The squad has been in camp at the AIS preparing for its European tour next month and the world titles in July.
Clarke believed that this squad was as versatile as any before.
''This group doesn't really have the dominant players but I think this squad is a lot deeper,'' he said.
''I don't think we are going to have consistent scorers through the tournament, which works in our favour because it makes us harder to scout. On any given night a number of players could have a huge influence on the game.''
Clarke believed that having the world championships in New Zealand would place added pressure on the Emus.
''It's as close as we get to a home championship without actually being at home. I anticipate there will be lots of Australians there.
''It's elite sport and if you can't play in front of a crowd you are probably not elite, but that's part of the game.''
While the tournament would provide a stepping stone for the players, Clarke said they must put the team first.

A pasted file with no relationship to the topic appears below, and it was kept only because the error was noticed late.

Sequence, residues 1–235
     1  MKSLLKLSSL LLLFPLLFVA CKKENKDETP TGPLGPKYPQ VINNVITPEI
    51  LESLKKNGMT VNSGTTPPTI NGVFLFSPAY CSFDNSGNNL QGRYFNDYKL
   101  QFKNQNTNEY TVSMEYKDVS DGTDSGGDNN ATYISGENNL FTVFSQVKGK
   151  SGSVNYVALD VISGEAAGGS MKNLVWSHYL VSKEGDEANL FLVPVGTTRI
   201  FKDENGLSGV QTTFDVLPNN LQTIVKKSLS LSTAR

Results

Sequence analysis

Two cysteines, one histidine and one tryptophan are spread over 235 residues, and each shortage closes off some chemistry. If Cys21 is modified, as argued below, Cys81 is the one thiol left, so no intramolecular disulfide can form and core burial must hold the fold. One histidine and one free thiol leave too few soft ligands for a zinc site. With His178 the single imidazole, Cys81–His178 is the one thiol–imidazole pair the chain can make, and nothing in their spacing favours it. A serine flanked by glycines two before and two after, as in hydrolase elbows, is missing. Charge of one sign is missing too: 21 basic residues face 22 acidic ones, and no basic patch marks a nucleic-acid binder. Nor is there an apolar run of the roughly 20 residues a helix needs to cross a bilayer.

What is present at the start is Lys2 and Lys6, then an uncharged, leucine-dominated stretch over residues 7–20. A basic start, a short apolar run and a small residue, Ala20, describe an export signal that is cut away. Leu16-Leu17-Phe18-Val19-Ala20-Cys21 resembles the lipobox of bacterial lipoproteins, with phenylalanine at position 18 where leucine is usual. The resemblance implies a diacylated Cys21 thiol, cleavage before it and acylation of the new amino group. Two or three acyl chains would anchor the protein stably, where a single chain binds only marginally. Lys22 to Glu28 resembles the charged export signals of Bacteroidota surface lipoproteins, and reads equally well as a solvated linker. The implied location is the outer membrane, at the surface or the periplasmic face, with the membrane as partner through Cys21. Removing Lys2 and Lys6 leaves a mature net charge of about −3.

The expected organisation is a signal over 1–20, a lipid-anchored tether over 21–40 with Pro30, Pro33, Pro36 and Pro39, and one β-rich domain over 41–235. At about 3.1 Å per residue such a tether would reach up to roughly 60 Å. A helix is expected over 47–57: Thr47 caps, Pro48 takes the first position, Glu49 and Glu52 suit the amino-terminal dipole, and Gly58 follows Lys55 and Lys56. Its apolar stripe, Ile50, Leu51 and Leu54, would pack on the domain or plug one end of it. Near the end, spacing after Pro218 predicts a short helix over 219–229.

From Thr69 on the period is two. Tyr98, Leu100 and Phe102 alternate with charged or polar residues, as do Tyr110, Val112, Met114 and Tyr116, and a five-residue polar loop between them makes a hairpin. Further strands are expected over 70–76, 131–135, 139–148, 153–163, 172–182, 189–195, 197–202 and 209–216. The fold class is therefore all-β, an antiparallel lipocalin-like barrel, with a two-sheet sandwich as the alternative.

''It is a team sport and when it comes down to it, our team result is a reflection of the individuals' character.
''If they are all about themselves the team is not going to be successful.''
Nine members of the current squad have already received US College scholarships, including three to St Mary's in California, where Australian Boomer Patrick Mills has excelled.
Before the Emus tackle the world they will take on European powerhouses Spain, Greece and France in the Under-19 Four Nations tournament in Melbourne from June 26-28. For more information go to the tournament website.
To check the other teams the Emus will face at the World Championships head to the official website of the 2009 FIBA U19 World Championship for Men.